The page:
Free education for international students, stunning Nordic scenery and high levels of student satisfaction: sounds good, right? So, why aren’t more international students heading to Norway?
A government-commissioned report by the Ministry of Education and Research, the Norwegian Centre for International Cooperation in Education (SIU) has found the country struggles with retaining international students’ interest while they cope with the demands of applications.
As a solution, the report proposes the government should introduce a cohesive national admissions system for international students University World News reported.
The SUI argued in the report there are a “high number of applications from international students”, however retaining them is the problem.
“Most of the institutions we have spoken to find the handling of the many applications very demanding,” SIU reported.
“Furthermore, we see that Norwegian higher education institutions have problems maintaining the applicants’ interest throughout the application process. It is evident from our interviews with the institutions that Norway should prepare better to manage the interest in Norway as a study destination.”
In 2014-17, international graduate students accounted for just 3.24 percent of the total student population. And the number is dropping.
Between 2015 and 2017, the report saw a 13 percent drop in international students enrolled in Norwegian higher education institutions, with six in every 10 students coming from outside the European Union or European Economic Area (EU/EEA).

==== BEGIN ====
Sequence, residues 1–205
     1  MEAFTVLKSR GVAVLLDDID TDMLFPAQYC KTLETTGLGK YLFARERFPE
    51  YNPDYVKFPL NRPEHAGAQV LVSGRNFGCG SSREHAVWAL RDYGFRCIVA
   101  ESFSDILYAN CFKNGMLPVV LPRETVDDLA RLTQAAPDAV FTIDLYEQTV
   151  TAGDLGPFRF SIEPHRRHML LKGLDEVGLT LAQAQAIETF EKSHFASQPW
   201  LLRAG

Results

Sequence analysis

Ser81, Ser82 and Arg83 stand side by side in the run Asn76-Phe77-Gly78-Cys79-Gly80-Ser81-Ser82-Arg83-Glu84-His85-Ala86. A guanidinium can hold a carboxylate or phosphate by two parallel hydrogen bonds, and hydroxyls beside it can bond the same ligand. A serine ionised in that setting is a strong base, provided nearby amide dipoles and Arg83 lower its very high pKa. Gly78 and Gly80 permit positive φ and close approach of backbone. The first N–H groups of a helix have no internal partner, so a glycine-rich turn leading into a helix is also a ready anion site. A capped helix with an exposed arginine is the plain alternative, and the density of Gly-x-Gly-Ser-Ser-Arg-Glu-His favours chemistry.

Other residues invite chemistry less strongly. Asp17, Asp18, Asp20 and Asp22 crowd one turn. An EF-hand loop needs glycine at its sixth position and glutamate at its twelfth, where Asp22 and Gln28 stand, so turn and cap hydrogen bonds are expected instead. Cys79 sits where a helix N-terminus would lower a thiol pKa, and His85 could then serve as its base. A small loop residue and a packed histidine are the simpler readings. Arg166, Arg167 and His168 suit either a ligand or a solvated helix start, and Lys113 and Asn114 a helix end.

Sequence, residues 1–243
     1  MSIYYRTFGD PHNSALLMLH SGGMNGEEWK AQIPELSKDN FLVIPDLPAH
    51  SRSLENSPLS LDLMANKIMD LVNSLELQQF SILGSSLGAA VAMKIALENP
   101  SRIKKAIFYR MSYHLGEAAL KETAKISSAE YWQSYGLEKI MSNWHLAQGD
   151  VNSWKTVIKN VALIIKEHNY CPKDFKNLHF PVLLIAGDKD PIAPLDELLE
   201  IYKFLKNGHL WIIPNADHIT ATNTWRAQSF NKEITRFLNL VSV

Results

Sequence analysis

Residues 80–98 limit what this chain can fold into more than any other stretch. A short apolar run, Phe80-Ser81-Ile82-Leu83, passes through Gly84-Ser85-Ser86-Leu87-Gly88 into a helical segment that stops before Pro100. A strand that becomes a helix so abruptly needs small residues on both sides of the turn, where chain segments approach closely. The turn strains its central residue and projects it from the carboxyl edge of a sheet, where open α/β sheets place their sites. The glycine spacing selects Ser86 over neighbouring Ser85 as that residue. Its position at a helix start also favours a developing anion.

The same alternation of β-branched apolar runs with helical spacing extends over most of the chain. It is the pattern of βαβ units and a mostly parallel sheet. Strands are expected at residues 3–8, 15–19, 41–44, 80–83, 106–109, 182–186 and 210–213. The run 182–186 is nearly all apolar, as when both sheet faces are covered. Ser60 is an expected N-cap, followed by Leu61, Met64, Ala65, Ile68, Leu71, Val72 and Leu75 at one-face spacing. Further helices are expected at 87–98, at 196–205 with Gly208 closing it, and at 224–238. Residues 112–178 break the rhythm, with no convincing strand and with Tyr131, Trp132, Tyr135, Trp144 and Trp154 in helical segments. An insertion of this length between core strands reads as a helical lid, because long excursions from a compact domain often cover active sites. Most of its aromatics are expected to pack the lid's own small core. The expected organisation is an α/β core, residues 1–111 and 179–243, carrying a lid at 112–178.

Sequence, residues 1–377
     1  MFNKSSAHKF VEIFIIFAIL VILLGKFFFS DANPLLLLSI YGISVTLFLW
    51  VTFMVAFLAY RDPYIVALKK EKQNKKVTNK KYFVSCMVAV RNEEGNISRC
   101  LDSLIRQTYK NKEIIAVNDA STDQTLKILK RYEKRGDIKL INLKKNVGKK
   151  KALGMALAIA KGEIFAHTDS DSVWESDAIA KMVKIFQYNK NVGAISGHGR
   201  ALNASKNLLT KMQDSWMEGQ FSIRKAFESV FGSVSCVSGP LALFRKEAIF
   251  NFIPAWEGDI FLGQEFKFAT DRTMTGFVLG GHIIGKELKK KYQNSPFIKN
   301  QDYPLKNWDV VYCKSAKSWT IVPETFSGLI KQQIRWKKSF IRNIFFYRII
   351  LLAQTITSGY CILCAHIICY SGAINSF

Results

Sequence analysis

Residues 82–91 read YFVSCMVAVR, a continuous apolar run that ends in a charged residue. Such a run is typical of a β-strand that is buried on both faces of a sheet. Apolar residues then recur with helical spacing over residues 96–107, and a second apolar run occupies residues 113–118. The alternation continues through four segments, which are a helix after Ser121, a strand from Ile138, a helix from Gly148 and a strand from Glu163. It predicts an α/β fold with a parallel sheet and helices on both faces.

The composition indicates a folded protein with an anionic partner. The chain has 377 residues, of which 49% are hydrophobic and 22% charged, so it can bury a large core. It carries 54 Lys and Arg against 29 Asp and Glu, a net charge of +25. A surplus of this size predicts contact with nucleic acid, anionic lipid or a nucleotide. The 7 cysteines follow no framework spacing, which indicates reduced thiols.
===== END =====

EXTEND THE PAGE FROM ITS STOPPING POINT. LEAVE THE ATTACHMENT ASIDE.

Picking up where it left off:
Considering the report claimed the current admissions system highly favours students inside the EU and EEA, the lack of students from this area is both perplexing and concerning for Norway.
“If the government wishes to assist the institutions in recruiting more European students, there is a need for concrete measures,” stated the report.
Currently, each institution is responsible for its own student recruitment but the report proposes a national system for dealing with the applications.
The government has had a long-term objective since 2014 to “attract the most talented students in the world”. Yet last year the country was still struggling, and this recent report illustrates the improvements have not been made.
Back in 2017, a government white paper reported a large number of students had requested for an increase in the number of programmes – particularly Master’s courses – taught in English. More courses in English would likely increase the number of students who feel able to study in Norway.
The recent report concludes that the recruitment process needs a more systematic approach to bring more international students to Norway.
“Norwegian educational policy focuses on promoting exchange through institutional cooperation, rather than on recruiting individual students,” the report said.
“At the same time, if international students are to contribute to enhanced quality in Norwegian education, not merely filling available places on a study programme, the lack of political will to form a recruitment policy is problematic.”